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41

The most common problem with baby boys “leaking” is based on male anatomy. During a diaper change, you’ll typically have the baby on his back. The baby’s little penis may flop every random direction. If it’s pointing upwards when you put the diaper on, there’s a good chance that you get some spillage at the top and a mostly dry diaper, especially if a little ...


30

You are dealing with two issues here: stool toileting refusal and the associated constipation. Constipation: Your doctor is probably recommending an enema because an impaction is preventing defecation at this point. I have an acquaintance who has had success in this same situation using a commercial suppository that is administered by eyedropper – you ...


21

One of the main reasons a newborn (particularly such a new newborn!) dislikes diaper changes is the fact that they're cold. Really cold. Normally they have this nice warm layer on them that keeps them warm and cozy, and you're ripping that off of them with nary a care for their ... well, I'm sure that's what the newborn thinks, anyway. To avoid this, you ...


15

I hate to say this (and I SWEAR it's not a pun) but it depends. For our daughter, pull-ups were more of a hassle than they were worth. She treated them like a diaper and was not interested in going into big-kid undies until we took them away and replaced them with training panties (the thick kind that can be soiled without causing a level 4 hazmat incident)...


15

My experience with my son was this: every time he was experiencing a noticeable number of leaks, we went up a size and it addressed the issue. It's true that, on a couple of occasions, his penis was pointing upward when the diaper was put on and that contributed to some over the waistband escapes, but this also correlated with the diaper being too small.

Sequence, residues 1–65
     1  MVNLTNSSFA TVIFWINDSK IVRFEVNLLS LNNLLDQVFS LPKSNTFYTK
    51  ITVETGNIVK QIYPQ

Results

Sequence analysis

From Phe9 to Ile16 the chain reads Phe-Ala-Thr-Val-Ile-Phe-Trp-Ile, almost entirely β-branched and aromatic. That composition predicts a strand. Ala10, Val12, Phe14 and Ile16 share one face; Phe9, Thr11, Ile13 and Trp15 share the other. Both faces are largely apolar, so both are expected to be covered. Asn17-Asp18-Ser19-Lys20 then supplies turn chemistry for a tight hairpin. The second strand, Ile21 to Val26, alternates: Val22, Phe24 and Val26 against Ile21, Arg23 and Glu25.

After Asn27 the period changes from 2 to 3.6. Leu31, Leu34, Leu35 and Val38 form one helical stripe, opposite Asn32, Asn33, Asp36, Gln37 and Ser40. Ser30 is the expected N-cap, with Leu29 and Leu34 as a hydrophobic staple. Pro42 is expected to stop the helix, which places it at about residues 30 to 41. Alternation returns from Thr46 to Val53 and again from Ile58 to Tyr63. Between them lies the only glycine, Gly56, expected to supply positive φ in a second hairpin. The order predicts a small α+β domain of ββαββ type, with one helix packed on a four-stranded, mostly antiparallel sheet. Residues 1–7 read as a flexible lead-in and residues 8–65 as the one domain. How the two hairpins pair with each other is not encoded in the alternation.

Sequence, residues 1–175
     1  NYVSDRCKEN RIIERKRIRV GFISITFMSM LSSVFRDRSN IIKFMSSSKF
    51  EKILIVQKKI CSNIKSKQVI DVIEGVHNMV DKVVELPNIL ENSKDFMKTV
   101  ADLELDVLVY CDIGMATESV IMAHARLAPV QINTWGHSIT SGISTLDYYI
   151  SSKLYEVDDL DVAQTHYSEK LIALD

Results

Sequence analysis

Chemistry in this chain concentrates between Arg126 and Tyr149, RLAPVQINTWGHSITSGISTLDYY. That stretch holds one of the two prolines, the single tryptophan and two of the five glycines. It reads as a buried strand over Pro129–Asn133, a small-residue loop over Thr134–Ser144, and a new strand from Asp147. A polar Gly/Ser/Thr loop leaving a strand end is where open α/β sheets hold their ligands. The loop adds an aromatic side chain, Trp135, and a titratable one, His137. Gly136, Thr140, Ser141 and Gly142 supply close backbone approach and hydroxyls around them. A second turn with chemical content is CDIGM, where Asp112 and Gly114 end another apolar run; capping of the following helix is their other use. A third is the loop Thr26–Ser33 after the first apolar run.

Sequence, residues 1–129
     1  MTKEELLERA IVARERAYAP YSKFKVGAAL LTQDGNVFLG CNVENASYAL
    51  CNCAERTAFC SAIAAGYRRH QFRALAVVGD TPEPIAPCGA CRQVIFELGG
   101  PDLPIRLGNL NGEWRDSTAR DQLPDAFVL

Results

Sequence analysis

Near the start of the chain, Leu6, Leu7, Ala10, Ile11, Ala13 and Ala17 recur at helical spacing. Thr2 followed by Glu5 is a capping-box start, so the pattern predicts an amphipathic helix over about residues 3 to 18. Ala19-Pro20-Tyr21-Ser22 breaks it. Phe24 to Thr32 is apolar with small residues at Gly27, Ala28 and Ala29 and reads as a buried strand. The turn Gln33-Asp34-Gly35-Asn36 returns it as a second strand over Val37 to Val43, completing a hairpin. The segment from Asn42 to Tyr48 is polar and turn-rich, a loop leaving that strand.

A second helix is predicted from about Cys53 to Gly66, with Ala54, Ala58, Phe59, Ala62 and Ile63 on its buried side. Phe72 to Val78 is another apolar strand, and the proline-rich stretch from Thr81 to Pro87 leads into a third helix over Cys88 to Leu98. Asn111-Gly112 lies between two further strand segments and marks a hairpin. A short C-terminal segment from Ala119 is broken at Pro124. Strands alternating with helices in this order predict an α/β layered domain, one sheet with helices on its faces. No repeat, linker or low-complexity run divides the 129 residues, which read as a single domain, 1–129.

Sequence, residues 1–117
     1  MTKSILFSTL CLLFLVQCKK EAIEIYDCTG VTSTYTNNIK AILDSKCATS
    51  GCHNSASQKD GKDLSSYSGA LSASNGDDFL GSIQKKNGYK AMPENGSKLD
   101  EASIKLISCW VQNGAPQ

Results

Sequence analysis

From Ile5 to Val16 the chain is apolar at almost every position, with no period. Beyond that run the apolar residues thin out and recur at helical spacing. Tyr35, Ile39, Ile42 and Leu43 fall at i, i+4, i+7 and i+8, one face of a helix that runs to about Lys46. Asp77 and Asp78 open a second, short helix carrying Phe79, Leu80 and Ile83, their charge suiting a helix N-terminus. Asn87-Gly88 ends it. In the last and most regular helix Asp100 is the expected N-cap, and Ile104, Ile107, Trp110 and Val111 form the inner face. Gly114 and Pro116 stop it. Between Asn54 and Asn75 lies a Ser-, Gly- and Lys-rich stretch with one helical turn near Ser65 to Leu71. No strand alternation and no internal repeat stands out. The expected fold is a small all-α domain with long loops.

14

Potty training is so fun with kids. It's one step forward, two steps back, three steps forward, a shuffle to the side... In short, this sounds like one of the usual stops along the route towards full potty training. I don't see that you're doing anything wrong. Have you tried to talk with her about it? I don't know how verbal she is; my daughter was VERY ...


14

Three ideas (one you might not like, but if it works...): Make sure he goes to the bathroom just before bed. Did wonders for our daughter. Try some higher-absorbency pullups. Since he's almost 6, maybe move to GoodNights or something similar for older kids with bladder control issues. You might just be overloading the capacity of the diaper. If you can ...


14

No. As Peter commented, diapers/nappies have been used for hundreds of years and especially kept on at night to avoid nocturnal accidents. The common problem with them is nappy rash, and you are already well aware of that. Aside from that, they have had no effect on the healthy growth of legs. Nappies, especially modern ones, do not hold the legs apart. ...


12

As Valkyrie said, no child goes to college in diapers. Don't put too much pressure on yourself or her as that tends to make things worse. If she has an accident, just gently remind her that pee pee and poop go in the potty--which she knows all ready, but you know how often you have to remind kids about stuff! Then find a way that she can help you clean up ...


12

I'm at total loss of what to do, how to punish her, and what to believe. I'm desperate to find answers. If I were in your situation, I would be dumbfounded as to how my daughter managed to handle that condition/practice for so long, I really would. And I would be worried for her. But you've known about it for years. Why suddenly panic? But manage it she ...


11

I do a body block by leaning across the baby's belly (without any weight being put on the baby) until I've got things cleaned up, up front. It also prevents the child rolling over and escaping the area where I am doing the changing. I can then move to a better angle for being certain I've got the back end fully cleaned up while knowing that at least the ...


10

I was intrigued by your question. I wondered how much diaper changing had changed since I practiced Pediatrics (as an FP). I googled as well. I can't find a source that remotely suggested the practice, so I will say that it appears to be physiologically unnecessary. The American Academy of Pediatrics says nothing about that on it's baby care/diaper change ...


9

That sounds relatively normal. Note that a newborn has no concept of day and night yet - at least in the sense of what is a time for activity or sleeping. Even older babies that have good "sleeping habits" often get an early evening bout of activity - the time window in the evening many working dads (and moms) enjoy. Also, being put down in the bassinet ...


8

For a diaper to fit correctly, the following must be true: The back must go above the top of the "butt crack" or urine will leak out the back, because the crack breaks the seal If this isn't true, you probably need a bigger diaper so it can go higher up the back The straps must go above the hips, and be tighter than the hips or the diaper will slip ...